In January 2018, oil giant Total, which owns rights to some of the oil fields in the South Lokichar Basin, joined the pipeline project. At some point, the Canadian firm Africa Oil also joined the project.[16] In April 2018, the Kenyan government chose British firm Wood Group to design the pipeline.[17] In June 2019, the Kenyan government signed an agreement with Tullow and Total to build a crude oil processing facility at the South Lokichar Basin fields; at the time, Tullow had not yet reached a final investment decision, but said it planned to by the end of 2019.[18]

In July 2019, surveying of the pipeline's route began. At the time, delays in land acquisition and permitting were slowing down the progress of the project.[19] In November 2019, contractor Wood Group presented Tullow and Total with two different options for the pipeline: a pipeline with onshore storage facilities, at a cost of $1.2 billion, or a pipeline with floating storage facilities, at a cost of $1.1 billion. At the time, final environmental permits were expected in Q1 2020. The pipeline would be 18 inches, would cover a distance of 824 km, and would have a capacity of 65,000 barrels per day, expandable to 80,000.[20]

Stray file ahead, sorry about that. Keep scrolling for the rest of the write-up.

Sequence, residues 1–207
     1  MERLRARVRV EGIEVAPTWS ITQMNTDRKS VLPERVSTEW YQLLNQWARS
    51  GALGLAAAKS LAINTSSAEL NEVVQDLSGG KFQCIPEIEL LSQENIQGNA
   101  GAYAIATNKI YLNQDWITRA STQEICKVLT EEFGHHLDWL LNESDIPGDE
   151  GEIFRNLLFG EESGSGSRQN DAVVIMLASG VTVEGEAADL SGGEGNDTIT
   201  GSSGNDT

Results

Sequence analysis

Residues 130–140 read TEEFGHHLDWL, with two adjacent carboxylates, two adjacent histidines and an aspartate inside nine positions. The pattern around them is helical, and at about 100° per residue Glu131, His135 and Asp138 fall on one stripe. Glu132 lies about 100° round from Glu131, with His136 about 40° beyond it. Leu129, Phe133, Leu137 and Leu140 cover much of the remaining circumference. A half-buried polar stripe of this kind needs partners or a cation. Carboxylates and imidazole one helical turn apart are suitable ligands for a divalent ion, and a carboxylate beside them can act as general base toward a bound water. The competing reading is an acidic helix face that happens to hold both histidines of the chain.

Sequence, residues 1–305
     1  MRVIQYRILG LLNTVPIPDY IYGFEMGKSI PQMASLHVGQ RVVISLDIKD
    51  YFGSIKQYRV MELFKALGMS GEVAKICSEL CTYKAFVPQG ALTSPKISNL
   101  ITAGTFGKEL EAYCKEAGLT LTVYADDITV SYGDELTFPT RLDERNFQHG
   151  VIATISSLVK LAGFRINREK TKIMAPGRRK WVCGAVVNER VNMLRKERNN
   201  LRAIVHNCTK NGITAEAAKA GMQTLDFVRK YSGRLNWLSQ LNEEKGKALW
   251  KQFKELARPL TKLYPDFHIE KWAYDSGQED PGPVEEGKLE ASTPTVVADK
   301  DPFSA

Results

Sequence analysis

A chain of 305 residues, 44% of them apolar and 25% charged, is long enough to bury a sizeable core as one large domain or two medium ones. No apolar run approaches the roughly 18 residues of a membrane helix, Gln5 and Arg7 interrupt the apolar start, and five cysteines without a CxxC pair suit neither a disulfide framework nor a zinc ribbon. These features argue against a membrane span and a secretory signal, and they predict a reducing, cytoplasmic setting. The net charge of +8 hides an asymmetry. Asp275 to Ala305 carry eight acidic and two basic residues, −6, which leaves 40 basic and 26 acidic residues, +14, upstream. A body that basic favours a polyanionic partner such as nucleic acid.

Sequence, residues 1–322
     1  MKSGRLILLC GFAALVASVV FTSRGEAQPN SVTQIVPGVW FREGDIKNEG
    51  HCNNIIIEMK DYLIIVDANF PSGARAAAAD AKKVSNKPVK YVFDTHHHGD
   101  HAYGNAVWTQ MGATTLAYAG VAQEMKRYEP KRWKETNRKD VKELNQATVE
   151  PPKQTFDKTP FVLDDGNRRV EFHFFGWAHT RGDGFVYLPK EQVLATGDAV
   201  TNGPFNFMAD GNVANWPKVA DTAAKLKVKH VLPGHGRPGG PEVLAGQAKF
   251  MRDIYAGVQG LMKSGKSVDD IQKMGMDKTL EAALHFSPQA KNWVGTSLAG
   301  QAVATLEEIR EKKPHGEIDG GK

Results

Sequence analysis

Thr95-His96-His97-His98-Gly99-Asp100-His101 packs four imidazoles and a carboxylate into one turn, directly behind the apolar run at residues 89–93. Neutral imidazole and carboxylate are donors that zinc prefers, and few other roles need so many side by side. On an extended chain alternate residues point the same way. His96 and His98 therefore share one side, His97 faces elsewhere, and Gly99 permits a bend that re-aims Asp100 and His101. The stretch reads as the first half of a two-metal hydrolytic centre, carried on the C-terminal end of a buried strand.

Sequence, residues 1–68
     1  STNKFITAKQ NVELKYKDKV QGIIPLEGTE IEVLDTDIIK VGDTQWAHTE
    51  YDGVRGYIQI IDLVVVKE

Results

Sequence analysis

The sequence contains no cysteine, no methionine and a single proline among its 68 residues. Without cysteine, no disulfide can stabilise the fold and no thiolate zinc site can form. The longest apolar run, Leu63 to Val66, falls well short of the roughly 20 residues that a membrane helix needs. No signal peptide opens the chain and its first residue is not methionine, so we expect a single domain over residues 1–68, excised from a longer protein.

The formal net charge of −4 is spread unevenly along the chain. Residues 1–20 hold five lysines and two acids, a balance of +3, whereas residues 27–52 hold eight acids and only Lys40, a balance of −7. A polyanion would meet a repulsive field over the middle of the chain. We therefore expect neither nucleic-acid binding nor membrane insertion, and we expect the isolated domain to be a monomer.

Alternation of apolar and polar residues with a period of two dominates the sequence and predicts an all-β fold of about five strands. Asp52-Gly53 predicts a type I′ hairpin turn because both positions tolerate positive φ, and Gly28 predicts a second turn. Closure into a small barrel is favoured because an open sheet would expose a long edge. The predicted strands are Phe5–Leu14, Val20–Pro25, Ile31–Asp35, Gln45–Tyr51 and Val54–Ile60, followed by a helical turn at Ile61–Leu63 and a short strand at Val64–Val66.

In January 2020, the project's future began to look more uncertain, after it was reported that Tullow, due to financial underperformance in other projects, was potentially looking to sell all of its 50% stake in the project, and that Total was looking to potentially sell half of its 25% stake. At that time Tullow said that it was aiming to reach a final investment decision by the end of 2020, calling the timeline "challenging."[21][22] In February 2020 it was announced that Tullow intended to lay off up to 325 of its Kenya staff, putting the project's future further in doubt.[23] In May 2020, Tullow reportedly declared force majeure in its contract with the Kenyan government, blaming problems caused by Covid restrictions and the Covid-induced collapse in oil prices.[24] The Kenyan government restated its commitment to the project, but pushed the target date for completion back to 2023.[25]